I have to be honest and say I groaned a bit at the Pretty Little Liars premise before I started reading Ace of Spades because what’s interesting about that? Beautiful people misbehaving at a fancy school with enough networks and funds to ensure continued success and wealth for all who walk those hallowed halls? Yawn. But I’ve never been more pleased to be proven wrong.

Àbíké-Íyímídé masterfully builds tension and suspense as Aces preys on her characters, slowly tearing them down, making readers just as anxious waiting on the next bombshell.And just when you think you’ve got it figured out, you realize the great mystery is you weren’t thinking big enough. This novel exists at the intersection of race, class, gender, and sexual politics, and it sheds light on the nefarious microaggressions society uses daily to plant seeds of doubt that make us question the existence of any of it. Protagonists Chiamaka and Devon are complex and interesting, and they’re so much more than they appear on the surface as Àbíké-Íyímídé carefully shows us the way each character has built themselves up over the years, and how a prickly disposition, an aloof personality, or something as simple as a hairstyle is actually armor. And it’s a good thing, too, because it turns out they needed it.

They treat my Black skin like a gun or a grenade or a knife that is dangerous and lethal, when really, it’s them. The guys at the top powering everything.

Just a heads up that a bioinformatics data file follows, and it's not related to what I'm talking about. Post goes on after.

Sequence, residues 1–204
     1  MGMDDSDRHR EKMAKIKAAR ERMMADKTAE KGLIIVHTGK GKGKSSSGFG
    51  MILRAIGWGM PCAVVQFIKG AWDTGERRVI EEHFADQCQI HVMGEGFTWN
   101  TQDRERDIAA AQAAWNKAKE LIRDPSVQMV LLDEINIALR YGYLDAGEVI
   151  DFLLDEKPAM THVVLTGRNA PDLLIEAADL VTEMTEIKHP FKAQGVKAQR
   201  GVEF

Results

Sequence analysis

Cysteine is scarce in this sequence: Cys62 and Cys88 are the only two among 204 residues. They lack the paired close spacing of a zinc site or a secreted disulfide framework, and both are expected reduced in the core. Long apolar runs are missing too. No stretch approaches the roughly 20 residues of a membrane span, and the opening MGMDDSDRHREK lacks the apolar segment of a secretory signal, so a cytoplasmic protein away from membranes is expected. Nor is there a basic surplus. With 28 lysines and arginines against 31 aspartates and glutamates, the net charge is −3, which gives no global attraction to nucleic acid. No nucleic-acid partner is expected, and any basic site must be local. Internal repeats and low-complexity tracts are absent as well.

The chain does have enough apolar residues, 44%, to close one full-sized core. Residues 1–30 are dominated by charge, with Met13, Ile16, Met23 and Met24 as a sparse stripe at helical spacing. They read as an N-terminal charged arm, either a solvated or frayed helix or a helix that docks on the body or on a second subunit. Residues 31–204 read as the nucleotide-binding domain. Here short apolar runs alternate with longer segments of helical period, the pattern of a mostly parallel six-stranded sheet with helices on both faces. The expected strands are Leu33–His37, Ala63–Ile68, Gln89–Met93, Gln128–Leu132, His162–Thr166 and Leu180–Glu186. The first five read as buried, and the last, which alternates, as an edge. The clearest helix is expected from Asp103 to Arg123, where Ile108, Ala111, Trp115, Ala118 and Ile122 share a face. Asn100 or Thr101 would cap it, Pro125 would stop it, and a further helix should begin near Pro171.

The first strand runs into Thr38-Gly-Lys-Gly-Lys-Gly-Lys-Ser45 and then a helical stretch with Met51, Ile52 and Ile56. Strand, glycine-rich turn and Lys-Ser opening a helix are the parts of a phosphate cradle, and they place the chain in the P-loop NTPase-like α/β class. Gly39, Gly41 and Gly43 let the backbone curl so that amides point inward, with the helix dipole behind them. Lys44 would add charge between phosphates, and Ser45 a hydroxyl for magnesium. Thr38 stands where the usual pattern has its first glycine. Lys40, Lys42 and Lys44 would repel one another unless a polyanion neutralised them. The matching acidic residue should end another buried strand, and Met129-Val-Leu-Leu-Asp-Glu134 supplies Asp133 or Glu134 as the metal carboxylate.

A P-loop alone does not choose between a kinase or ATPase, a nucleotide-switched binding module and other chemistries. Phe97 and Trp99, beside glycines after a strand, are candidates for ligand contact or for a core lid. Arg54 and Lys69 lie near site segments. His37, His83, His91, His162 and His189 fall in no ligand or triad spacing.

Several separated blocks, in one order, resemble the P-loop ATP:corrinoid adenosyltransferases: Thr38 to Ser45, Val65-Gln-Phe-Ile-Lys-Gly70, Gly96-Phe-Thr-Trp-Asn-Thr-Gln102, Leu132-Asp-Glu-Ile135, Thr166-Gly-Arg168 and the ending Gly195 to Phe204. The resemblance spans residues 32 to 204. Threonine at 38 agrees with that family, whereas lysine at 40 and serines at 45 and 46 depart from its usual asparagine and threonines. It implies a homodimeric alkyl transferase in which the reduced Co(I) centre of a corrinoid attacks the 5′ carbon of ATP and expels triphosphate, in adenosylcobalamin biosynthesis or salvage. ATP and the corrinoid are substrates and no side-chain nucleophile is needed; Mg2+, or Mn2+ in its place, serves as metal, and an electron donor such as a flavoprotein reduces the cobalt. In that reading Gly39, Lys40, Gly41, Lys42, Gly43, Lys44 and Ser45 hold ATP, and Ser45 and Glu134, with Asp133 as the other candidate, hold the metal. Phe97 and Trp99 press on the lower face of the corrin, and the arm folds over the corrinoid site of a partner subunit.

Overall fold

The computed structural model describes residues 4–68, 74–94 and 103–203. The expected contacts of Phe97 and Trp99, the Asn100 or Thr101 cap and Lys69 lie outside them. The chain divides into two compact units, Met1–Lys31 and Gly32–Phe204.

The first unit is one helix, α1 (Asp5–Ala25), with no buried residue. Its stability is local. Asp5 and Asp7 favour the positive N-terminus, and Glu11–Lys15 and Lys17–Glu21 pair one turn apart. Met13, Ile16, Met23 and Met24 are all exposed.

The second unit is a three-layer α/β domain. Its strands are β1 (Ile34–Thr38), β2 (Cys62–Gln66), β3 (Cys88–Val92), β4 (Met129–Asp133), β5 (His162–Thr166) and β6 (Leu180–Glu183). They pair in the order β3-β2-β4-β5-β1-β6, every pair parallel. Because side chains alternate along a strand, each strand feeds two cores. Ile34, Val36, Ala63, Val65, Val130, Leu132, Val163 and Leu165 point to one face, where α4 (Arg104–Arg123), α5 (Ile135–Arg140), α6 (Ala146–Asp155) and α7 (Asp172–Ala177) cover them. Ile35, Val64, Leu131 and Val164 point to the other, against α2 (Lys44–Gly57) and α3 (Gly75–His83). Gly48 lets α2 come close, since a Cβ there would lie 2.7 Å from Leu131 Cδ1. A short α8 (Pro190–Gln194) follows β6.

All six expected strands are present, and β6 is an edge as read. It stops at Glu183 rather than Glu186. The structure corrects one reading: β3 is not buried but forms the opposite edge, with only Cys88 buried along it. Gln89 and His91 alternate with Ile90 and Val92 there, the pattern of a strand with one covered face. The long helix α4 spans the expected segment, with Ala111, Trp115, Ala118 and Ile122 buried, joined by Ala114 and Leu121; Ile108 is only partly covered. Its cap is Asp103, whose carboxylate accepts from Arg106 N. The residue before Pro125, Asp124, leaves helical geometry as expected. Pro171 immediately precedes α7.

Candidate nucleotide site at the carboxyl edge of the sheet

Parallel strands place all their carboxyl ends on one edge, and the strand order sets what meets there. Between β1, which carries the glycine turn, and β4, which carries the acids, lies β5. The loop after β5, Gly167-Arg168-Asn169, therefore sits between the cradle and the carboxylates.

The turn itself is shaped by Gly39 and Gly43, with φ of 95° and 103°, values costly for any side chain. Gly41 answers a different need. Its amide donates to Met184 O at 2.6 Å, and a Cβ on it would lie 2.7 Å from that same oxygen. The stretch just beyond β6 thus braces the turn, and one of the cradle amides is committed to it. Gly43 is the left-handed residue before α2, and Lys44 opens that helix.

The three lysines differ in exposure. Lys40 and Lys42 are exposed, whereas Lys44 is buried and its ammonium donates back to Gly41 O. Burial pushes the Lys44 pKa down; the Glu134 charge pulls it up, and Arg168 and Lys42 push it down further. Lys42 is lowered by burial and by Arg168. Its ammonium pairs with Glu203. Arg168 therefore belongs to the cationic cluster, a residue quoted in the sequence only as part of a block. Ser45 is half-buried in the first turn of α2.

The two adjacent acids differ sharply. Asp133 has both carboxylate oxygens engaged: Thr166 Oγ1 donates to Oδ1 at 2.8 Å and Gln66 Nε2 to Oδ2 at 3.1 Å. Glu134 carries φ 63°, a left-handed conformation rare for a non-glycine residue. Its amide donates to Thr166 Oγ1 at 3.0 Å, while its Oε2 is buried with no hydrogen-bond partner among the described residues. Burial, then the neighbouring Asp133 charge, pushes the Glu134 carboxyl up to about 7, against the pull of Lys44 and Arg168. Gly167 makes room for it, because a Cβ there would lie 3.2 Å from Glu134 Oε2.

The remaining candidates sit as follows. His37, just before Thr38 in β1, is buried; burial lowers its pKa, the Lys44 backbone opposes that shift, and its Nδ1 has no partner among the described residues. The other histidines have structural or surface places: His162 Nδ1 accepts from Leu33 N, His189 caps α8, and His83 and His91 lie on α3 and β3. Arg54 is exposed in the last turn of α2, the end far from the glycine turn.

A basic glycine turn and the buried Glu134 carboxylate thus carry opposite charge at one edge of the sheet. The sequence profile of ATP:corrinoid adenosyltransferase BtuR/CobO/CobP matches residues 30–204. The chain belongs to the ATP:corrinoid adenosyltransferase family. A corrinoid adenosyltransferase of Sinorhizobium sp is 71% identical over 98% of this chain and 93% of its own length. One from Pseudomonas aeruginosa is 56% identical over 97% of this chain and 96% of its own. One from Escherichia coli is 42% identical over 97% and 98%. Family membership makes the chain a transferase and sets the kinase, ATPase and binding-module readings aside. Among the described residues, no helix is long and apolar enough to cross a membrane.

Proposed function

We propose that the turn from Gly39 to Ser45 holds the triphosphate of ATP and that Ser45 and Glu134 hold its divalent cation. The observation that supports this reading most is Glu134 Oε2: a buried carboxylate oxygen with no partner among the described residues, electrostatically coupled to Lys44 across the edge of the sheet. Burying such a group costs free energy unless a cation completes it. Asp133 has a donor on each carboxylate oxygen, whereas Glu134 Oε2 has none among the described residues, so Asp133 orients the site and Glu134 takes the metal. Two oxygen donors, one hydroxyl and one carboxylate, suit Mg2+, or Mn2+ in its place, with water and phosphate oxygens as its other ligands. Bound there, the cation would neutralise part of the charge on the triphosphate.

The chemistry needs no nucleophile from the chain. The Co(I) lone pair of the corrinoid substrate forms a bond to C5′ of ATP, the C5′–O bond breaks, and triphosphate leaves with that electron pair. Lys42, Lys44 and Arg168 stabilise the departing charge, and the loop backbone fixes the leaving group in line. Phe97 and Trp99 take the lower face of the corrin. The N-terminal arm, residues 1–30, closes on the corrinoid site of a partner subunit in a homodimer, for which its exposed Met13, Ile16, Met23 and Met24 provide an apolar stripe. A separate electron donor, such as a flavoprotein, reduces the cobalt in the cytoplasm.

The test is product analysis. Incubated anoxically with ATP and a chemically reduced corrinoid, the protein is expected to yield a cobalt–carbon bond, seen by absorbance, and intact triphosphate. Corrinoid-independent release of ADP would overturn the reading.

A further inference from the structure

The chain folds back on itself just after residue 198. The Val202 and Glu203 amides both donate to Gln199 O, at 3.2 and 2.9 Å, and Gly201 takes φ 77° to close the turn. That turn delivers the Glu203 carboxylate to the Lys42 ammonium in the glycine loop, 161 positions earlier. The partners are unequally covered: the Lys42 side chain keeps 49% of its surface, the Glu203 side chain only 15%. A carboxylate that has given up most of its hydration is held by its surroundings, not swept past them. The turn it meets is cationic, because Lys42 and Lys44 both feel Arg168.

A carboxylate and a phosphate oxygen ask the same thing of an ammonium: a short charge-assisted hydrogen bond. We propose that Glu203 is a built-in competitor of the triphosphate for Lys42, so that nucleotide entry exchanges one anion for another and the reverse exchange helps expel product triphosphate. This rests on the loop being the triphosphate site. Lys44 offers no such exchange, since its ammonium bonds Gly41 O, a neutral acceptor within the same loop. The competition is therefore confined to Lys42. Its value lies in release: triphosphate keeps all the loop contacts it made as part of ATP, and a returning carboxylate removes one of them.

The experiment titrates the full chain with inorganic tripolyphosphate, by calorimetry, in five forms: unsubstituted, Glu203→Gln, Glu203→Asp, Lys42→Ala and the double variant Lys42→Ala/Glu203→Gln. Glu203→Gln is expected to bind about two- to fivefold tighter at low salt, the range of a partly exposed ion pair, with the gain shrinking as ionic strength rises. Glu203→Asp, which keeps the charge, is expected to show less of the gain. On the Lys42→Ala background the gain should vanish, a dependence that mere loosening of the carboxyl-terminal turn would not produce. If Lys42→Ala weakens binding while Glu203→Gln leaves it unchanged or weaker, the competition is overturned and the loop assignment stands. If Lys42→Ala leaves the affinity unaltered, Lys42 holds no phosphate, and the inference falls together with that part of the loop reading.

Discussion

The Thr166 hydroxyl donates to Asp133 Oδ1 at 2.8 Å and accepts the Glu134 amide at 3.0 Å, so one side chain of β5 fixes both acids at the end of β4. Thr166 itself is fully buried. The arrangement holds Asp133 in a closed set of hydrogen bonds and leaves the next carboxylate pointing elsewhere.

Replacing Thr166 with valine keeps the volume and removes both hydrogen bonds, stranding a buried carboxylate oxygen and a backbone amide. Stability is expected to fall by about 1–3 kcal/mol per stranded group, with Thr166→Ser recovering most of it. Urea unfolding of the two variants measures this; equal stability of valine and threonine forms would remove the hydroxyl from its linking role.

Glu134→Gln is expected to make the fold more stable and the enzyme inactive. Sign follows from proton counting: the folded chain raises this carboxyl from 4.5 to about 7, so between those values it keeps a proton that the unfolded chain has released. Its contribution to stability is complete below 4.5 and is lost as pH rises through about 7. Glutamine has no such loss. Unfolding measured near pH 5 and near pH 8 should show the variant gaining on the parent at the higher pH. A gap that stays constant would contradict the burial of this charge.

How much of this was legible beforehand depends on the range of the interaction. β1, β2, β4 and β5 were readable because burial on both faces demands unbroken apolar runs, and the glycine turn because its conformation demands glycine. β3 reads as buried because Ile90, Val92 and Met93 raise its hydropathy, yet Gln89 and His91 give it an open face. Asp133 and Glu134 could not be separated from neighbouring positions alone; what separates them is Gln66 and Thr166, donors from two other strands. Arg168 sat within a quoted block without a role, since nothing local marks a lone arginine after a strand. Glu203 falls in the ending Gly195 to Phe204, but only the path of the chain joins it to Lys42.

Faridah Àbíké-Íyímídé, Ace of Spades

The most striking part of this novel is the doubt the protagonists experience, particularly when they guess quite early in the plot that institutional racism is at the heart of the conspiracy against them. Both Chiamaka and Devon dismiss the possibility immediately, given the reality of racism is so prevalent in their lives that it seems almost too obvious a threat to single out since it touches every part of their lives already. Chiamaka’s family is wealthy, yet she hides the parts of herself that highlight her Nigerian-Italian heritage in order to change herself into what she believes will get her ahead in a society with predetermined ideals for success and worth, while Devon strives to escape the parts of his upbringing and sexual identity that he believes will prevent him from achieving his dreams. Both characters have spent so much of their lives fighting to escape the pitfalls of systemic racism that they blamed themselves—their past actions, sexual preferences, and histories—before ever considering they were victims of a system built specifically to target people who look like them, who dare to be great.